functional penis (ability to have intercourse and to urinate standing up). Given that reconstructive sur- gery aimed at achieving functional femalegenitalia is considered the more effective alternative, XY inter- sexual patients with microphallus and testes are of- ten assigned female gender. According to Money’s approach, unambiguous presentation of gender identity to the patient’s parents and, later, to the patient would ensure the likelihood of a good out- come. However, there have been few reports of long- term follow-up on the stability of gender reassign- ment for XY children born with functional testes and androgen receptors.
Differential diagnosis. In coloration, paler specimens of N. timorense sp. nov. are close to the Australian N. penicillatum (Clark, 1862), darker specimens resemble Australian N. schmeltzi Sharp, 1882 and N. aphrodite Watts, 1978. From all three species, N. timorense sp. nov. can be distinguished by a distinct subhumeral expansion of the female elytra (Figs 6–7), the shape of the notch on inner edge of the male protibia (Fig. 2), and the shape of the median lobe (Figs 3–4).
The Tetradonematidae nematode, Didilia sp., was found in Chiang Mai, Thailand for the first time whereas the Steinernematidae nematodes, Steinernema khoisanae, Steinernema websteri (Thanwisai et al., 2012), Steinernema minutum (Maneesakorn et al., 2010), Steinernema siamkayi (Stock et al., 1998), and other Steinernema have been reported in wax moths and Japanese beetles in Thailand (Tangchitsomkid & Sontirat, 1998; Noosidum et al., 2010; Vitta et al., 2015). Tang et al. (1997) have described the life cycle of D. ooglypta. Briefly, D. ooglypta eggs are ingested by first instar sand fly larvae. Female and male nematodes develop inside the larvae. The sex organs of both females and males are seen on day 20 of infection, they then mate. After mating, males die in 2 days. In the meantime, the sand fly larvae develop into the fourth stage. 37 days after infection the female nematodes are fully mature with fertilized eggs in the uterus. By the time the adult flies emerge from pupae the gravid nematodes use their teeth and stylet to break through the intersegmental membranes of the infected fly and bore a hole through the cuticle of the abdomen of the adult flies to expose the vulva and lay eggs. The gravid female nematodes affect the development of reproductive organs, delay preimaginal stages, and reduce the life span of the infected sand flies when compared with uninfected flies. Unrotated genitalia of infected male of P. papatasi are observed (Tang et al., 1997).
In metazoan development, the precise mechanisms that regulate the completion of morphogenesis according to a developmental timetable remain elusive. The Drosophila male terminalia is an asymmetric looping organ; the internal genitalia (spermiduct) loops dextrally around the hindgut. Mutants for apoptotic signaling have an orientation defect of their male terminalia, indicating that apoptosis contributes to the looping morphogenesis. However, the physiological roles of apoptosis in the looping morphogenesis of male terminalia have been unclear. Here, we show the role of apoptosis in the organogenesis of male terminalia using time-lapse imaging. In normal flies, genitalia rotation accelerated as development proceeded, and completed a full 360° rotation. This acceleration was impaired when the activity of caspases or JNK or PVF/PVR signaling was reduced. Acceleration was induced by two distinct subcompartments of the A8 segment that formed a ring shape and surrounded the male genitalia: the inner ring rotated with the genitalia and the outer ring rotated later, functioning as a ‘moving walkway’ to accelerate the inner ring rotation. A quantitative analysis combining the use of a FRET-based indicator for caspase activation with single-cell tracking showed that the timing and degree of apoptosis correlated with the movement of the outer ring, and upregulation of the apoptotic signal increased the speed of genital rotation. Therefore, apoptosis coordinates the outer ring movement that drives the acceleration of genitalia rotation, thereby enabling the complete morphogenesis of male genitalia within a limited developmental time frame.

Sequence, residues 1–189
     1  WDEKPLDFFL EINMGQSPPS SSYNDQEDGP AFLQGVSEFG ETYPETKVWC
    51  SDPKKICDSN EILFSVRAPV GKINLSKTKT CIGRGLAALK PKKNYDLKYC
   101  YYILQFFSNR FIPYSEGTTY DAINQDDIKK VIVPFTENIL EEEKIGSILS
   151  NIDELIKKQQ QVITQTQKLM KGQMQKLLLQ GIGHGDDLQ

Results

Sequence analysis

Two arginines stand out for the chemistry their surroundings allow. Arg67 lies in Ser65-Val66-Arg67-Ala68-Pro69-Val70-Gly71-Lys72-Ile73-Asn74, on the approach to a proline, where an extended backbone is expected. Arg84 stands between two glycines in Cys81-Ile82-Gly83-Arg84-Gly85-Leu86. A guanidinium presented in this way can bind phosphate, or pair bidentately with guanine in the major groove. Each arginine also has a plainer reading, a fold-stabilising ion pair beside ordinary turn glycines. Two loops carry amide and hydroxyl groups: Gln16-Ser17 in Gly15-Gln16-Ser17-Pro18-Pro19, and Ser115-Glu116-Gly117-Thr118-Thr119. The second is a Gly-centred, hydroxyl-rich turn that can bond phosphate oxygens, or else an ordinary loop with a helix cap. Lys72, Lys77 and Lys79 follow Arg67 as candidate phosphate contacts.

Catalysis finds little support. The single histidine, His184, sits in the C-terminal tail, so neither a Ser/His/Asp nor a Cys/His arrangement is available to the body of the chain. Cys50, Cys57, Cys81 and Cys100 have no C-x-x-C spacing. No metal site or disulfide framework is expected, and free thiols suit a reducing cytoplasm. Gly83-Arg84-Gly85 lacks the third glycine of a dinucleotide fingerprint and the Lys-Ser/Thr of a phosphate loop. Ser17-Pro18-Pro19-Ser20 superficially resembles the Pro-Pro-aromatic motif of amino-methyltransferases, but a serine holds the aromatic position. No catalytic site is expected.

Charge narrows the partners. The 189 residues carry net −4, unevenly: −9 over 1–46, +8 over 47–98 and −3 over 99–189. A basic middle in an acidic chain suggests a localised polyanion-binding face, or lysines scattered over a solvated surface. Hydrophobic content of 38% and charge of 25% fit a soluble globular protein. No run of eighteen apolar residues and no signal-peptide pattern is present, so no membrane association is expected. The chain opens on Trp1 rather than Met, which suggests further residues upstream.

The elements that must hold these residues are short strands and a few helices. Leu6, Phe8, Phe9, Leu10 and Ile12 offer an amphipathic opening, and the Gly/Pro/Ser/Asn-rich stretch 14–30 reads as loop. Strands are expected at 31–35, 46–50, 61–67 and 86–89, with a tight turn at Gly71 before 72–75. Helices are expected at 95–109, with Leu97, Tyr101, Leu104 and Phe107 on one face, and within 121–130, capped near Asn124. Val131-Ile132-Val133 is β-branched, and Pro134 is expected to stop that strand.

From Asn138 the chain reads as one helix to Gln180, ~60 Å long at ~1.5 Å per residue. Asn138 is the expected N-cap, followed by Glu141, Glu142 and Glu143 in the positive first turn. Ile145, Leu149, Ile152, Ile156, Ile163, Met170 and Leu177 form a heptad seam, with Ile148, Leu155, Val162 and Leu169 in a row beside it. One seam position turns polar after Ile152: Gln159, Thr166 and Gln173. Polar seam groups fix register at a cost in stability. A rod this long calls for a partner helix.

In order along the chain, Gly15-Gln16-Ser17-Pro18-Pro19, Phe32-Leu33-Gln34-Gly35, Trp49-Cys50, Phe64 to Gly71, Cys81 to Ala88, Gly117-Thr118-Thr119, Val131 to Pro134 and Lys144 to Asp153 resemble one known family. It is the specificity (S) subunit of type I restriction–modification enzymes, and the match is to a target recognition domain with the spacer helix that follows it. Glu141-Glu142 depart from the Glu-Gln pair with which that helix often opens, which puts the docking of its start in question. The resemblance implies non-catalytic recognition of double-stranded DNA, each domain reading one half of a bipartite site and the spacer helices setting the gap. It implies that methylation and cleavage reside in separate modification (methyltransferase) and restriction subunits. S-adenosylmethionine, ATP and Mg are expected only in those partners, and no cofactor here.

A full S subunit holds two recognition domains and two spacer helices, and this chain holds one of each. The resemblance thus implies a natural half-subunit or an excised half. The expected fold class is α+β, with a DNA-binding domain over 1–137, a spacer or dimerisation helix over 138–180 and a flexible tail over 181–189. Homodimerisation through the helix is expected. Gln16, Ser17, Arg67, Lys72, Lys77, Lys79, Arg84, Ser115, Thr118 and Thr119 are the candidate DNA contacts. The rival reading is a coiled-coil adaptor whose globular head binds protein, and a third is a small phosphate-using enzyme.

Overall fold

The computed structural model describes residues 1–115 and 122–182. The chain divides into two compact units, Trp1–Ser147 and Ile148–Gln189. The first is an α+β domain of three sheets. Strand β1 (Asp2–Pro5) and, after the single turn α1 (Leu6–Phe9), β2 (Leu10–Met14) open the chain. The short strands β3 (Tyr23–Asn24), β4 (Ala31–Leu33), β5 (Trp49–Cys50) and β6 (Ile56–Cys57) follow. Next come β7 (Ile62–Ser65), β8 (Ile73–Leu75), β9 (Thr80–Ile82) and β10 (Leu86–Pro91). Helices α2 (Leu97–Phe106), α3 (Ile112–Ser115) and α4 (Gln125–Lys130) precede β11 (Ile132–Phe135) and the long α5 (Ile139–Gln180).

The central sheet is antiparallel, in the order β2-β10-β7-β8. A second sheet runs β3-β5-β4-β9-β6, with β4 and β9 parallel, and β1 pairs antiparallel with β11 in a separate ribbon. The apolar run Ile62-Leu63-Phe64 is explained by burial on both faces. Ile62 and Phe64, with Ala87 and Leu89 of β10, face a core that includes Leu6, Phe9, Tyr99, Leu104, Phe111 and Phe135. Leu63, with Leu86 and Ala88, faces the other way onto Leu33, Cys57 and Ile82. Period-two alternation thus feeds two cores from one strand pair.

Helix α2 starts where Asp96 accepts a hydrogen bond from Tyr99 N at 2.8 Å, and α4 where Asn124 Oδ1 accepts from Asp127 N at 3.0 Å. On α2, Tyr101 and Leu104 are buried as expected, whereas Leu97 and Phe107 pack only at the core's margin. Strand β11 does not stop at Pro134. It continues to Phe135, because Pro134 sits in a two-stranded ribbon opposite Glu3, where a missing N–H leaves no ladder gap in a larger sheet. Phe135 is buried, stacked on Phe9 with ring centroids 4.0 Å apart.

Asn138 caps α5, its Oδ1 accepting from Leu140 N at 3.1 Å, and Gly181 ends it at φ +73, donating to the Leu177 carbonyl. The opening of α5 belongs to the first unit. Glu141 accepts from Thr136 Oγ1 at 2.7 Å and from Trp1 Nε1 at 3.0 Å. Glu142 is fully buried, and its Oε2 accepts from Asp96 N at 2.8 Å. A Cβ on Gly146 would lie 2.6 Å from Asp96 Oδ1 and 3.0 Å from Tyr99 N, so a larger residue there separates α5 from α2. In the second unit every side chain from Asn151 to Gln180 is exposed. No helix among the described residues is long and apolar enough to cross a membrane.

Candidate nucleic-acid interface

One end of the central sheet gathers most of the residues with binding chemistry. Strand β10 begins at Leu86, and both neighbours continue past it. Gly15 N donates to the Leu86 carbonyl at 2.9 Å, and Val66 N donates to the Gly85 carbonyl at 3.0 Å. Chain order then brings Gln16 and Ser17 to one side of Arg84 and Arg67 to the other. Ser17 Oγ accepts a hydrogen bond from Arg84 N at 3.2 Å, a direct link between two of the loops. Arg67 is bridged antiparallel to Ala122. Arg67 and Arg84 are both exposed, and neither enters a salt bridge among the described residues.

During surgery, gonadal gender was determined via frozen section biopsy. In all the patients, the frozen pathological outcomes fell into anticipated possibilities of preoperative MDT consultation. Gender assignment was then decided accordingly. Initial reared sex was male in 14 patients, female in 1, and undetermined in 1. The gender was reassigned in 1 patient who was primar- ily reared as male, 1 as female, and the previously un- determined 1 was assigned as male. All the gonads and adjacent ducts in abdominal cavity were subjected to bi- polar punctural biopsy via laparoscopy. All the ovotestes presented in a bipolar fashion. Staged urethroplasty was indicated in all the patients assigned as male. Plate re- construction with two-stage tubularization urethroplasty (PRTU) was used in 10 patients. Stage II urethroplasty was achieved in 8 patients with urethrocutaneous fistula noted in 1 and urethral stricture in 1 as postoperative complications. Two patients just finished the first stage without complication. Duckett urethroplasty-urethrotomy
S Prakash, 1984 published a series of 43 cases. In most of the cases cover was provided with scrotal skin for the scrotal defects and the penile skin defects were covered with inner layer of prepuce which remained intact. Only in three cases where the defect was extensive and had spread beyond genitalia split skin grafting had to be supplemented.